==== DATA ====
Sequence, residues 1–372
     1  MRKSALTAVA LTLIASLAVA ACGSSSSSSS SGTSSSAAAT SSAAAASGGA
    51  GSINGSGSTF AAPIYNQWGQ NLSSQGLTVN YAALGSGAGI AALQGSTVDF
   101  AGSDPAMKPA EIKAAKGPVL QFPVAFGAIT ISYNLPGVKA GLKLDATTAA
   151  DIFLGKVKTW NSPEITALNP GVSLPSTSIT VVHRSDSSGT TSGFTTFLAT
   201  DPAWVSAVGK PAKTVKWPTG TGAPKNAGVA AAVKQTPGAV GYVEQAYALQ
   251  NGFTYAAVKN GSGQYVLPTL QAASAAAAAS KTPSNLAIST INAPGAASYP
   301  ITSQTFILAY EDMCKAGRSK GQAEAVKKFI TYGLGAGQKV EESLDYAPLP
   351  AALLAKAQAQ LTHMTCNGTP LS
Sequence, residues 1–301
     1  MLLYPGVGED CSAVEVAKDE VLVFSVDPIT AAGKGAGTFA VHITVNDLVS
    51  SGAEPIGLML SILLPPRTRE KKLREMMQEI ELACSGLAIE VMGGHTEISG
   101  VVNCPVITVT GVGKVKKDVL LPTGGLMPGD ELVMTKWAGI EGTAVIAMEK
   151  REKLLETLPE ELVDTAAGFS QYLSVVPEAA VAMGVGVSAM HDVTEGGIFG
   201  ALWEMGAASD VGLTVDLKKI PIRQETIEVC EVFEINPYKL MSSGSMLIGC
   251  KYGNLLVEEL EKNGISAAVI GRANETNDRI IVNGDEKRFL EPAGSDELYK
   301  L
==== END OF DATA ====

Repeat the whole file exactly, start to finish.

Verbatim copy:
Sequence, residues 1–372
     1  MRKSALTAVA LTLIASLAVA ACGSSSSSSS SGTSSSAAAT SSAAAASGGA
    51  GSINGSGSTF AAPIYNQWGQ NLSSQGLTVN YAALGSGAGI AALQGSTVDF
   101  AGSDPAMKPA EIKAAKGPVL QFPVAFGAIT ISYNLPGVKA GLKLDATTAA
   151  DIFLGKVKTW NSPEITALNP GVSLPSTSIT VVHRSDSSGT TSGFTTFLAT
   201  DPAWVSAVGK PAKTVKWPTG TGAPKNAGVA AAVKQTPGAV GYVEQAYALQ
   251  NGFTYAAVKN GSGQYVLPTL QAASAAAAAS KTPSNLAIST INAPGAASYP
   301  ITSQTFILAY EDMCKAGRSK GQAEAVKKFI TYGLGAGQKV EESLDYAPLP
   351  AALLAKAQAQ LTHMTCNGTP LS
Sequence, residues 1–301
     1  MLLYPGVGED CSAVEVAKDE VLVFSVDPIT AAGKGAGTFA VHITVNDLVS
    51  SGAEPIGLML SILLPPRTRE KKLREMMQEI ELACSGLAIE VMGGHTEISG
   101  VVNCPVITVT GVGKVKKDVL LPTGGLMPGD ELVMTKWAGI EGTAVIAMEK
   151  REKLLETLPE ELVDTAAGFS QYLSVVPEAA VAMGVGVSAM HDVTEGGIFG
   201  ALWEMGAASD VGLTVDLKKI PIRQETIEVC EVFEINPYKL MSSGSMLIGC
   251  KYGNLLVEEL EKNGISAAVI GRANETNDRI IVNGDEKRFL EPAGSDELYK
   301  L